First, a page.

Arkansas — (AP) The state Department of Corrections began 2022 with a statewide lockdown of prisons due to rising COVID-19 cases among prisoners and staff. Arkansas reported its highest one-day count of new infections (4,978) since the pandemic began. Almost one in five tests has been positive. The state plans to employ its National Guard to help distribute 1.5 million test kits in public places.
- Colorado — (The Hill) Gov. Jared Polis signed an executive order on Dec. 30 pardoning 1,351 convicted for minor marijuana possession crimes. The state passed a law in 2021 that legalized possession of up to two ounces of marijuana by residents over the age of 21. “Adults can legally possess marijuana in Colorado, just as they can beer or wine,” said Polis. “It’s unfair that 1,351 additional Coloradans had permanent blemishes on their record that interfered with employment, credit, and gun ownership, but today we have fixed that by pardoning their possession of small amounts of marijuana that occurred during the failed prohibition era.”
- Hawaii — (AP) State Sen. Kurt Fevella made an unannounced visit to the Halawa Correctional Facility in November after hearing complaints from prison guards of unsafe conditions. Hawaii News Now reported that the senator counted 58 guards instead of the 91 that were supposed to be on duty on the day of his visit. More than 100 of the 332 positions at the facility are either vacant or taken by staff on leave. Some guards are working 16-hour shifts. The shortage is impacting inmate church, visits and exercise programs. Fevella said that prisoners are challenging guards because they know that they are tired and lack backup.
- Alabama — (AP) Jeff Dunn stepped down as the state’s corrections commissioner at the end of 2021. Gov. Kay Ivey appointed John Hamm, previously deputy secretary of the Alabama Law Enforcement Agency, to take Dunn’s spot. Alabama’s prison system faces a Justice Department lawsuit because of the conditions in its facilities. Dunn took the position heading the already troubled system in 2015. He sought funding for hiring and retention of corrections officers and prison construction. However, the system’s problems persisted during his tenure. The Justice Department suit alleges that Alabama’s prisons are among the most dangerous in the nation and that state officials have been deliberately indifferent to the situation.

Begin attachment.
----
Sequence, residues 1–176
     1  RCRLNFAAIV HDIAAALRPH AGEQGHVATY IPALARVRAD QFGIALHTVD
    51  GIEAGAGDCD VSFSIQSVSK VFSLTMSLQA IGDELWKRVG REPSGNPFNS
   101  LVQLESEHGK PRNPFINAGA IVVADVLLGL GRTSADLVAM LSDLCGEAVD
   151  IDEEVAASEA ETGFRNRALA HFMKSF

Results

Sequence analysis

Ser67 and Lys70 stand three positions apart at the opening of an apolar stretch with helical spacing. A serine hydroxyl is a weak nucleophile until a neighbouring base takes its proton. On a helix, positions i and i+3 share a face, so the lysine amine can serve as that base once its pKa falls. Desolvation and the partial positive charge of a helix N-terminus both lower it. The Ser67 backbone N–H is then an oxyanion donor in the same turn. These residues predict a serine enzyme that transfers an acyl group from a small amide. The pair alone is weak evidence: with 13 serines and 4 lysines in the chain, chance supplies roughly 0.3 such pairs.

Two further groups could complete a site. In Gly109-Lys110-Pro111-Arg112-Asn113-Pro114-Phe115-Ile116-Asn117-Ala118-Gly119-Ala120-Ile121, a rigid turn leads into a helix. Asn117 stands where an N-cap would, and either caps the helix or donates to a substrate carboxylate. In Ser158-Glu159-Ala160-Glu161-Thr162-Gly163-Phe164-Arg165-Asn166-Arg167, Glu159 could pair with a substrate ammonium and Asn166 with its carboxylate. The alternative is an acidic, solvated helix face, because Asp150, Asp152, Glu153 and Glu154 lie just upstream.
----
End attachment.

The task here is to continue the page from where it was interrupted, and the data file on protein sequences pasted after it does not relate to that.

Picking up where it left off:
- Utah — (AP) “Systemic deficiencies” in the state’s prison healthcare system are resulting in instances of inappropriate and inadequate patient care, said an audit by the Office of the Legislative Auditor General. The findings included HIPAA violations, delayed care of medically vulnerable prisoners, noncompliance with mental health assessments, and improper disposal of medicines, medical equipment, and personal information. Audit manager Brian Dean cited inadequate supervision of personnel on multiple levels as the main cause of the deficiencies. Rep. Mike Schultz, R-Hooper, was among lawmakers who heard the auditor’s report. He read an email from Wendy Parmley, director of medical and mental health issues for Utah Prisoner Advocate Network, describing an inmate’s situation. “Mr. Herbert is a double amputee. Let’s see, no wheelchair or shower chair for a double amputee below the knees, requiring him to crawl around on the stumps, including in the shower, puts him at risk for infection or an injury,” read Schultz.
- Connecticut — (AP) In-person visits were suspended at all of the state’s prisons effective Nov. 30 due to rising COVID-19 cases. Video visits were available as an alternative. “Our hope is this will be a temporary situation,” said Karen Martucci, spokesperson for the Connecticut Department of Correction. The state’s positive test rate topped 5%, a threshold the department had previously established, triggering the move.